– [Seth] Sure. So, backing up, ’cause just the move to Nashville is such a huge leap of faith in the moment, I don’t wanna gloss over that, for you and your wife. I’m sure that was just like a monumental thing. How does somebody know when they’re ready to do that.
– [Tony]Nobody knows, there is no knowing, there is nobody that’s gonna say the time is right. It is that line between faith and foolishness. That’s so close in there, you don’t know. But I remembered, there was a point when I was finishing up school and still writing frantically, accumulating lots of sheets of paper. And they were in a box kinda under a bed. Early 20s, and I remember thinking, I can’t imagine hitting 50 and not knowing, and not trying. I could live if I dared to show those to somebody and they said, ah, thanks but no, there’s really not a place for you. But I couldn’t live with myself if I didn’t at least try. I remember sometimes feeling almost claustrophobic at that thought like, if I hit 50, and I’ve never at least tried, I almost couldn’t breathe thinking about that. So that was some of the motivation that, you know if they had said, no thanks, go away, I could’ve lived with that, I could’ve gone and gotten, I could’ve worked at a church and been real happy with that, knowing that I tried. But not trying just was killer.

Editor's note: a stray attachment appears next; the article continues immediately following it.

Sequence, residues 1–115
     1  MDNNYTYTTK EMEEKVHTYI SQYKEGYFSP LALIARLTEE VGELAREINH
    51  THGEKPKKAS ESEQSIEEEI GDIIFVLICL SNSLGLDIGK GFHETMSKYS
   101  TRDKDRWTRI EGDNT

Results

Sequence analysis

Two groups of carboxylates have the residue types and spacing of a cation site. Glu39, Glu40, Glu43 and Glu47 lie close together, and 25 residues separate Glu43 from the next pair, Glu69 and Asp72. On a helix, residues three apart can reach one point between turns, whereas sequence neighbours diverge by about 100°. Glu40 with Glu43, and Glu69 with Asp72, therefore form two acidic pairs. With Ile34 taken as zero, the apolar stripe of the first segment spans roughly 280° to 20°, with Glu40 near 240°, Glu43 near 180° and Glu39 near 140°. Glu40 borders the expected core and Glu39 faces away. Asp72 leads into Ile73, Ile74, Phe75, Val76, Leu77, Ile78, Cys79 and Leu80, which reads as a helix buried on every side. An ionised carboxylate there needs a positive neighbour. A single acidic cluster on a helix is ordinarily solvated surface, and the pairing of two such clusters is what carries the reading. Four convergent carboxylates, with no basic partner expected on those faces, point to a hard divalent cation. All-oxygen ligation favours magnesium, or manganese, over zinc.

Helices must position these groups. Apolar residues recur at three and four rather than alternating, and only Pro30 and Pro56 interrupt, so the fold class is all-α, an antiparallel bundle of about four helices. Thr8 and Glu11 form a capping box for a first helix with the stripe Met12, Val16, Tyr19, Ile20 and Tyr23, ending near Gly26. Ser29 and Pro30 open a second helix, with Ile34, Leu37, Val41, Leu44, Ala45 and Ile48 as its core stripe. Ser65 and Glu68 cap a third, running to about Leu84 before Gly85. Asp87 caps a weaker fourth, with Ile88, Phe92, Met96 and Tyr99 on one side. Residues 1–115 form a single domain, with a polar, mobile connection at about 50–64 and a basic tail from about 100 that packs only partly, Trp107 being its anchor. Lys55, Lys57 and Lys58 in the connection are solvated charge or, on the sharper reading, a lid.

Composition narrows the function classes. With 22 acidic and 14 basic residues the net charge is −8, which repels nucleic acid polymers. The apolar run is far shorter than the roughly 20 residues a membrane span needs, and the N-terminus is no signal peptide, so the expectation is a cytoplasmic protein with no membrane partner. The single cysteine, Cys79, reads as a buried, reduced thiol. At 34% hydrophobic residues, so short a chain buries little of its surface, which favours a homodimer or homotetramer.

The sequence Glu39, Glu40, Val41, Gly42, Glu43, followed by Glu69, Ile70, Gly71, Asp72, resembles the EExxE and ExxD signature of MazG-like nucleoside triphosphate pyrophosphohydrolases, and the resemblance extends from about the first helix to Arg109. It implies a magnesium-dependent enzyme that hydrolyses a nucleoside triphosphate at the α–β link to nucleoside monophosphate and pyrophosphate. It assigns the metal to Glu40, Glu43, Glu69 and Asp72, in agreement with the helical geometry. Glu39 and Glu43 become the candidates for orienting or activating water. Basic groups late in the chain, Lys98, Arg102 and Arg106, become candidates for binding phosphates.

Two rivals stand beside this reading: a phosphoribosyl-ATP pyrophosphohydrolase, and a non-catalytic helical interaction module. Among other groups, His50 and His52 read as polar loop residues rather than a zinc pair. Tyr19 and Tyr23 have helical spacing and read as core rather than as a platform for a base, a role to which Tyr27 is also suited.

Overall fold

– [X] Hey everyone, this is X O’Connor and you’ve been listening to the Full Circle Music Show, they why of the music biz, hope everyone enjoyed our episode 100, the special episode. It’s impossible to believe that it’s been 100 episodes already. And again, this is our last episode for a little bit, we’re gonna be coming back at you with our brand new, re-imagined, rebranded podcast, the Made It in Music podcast, it’s gonna be starting Monday, March 26th. It’s so exciting, we’re so pumped. So again, remember, March 26th, that’s a Monday, that’s gonna be the official beginning of the Made It in Music podcast. And we have some huge names already lined up for this, you guys are gonna be super excited about what we’ve got to come. It’s gonna be more great content, for free, for you. We’re looking forward to seeing you Monday, March 26th.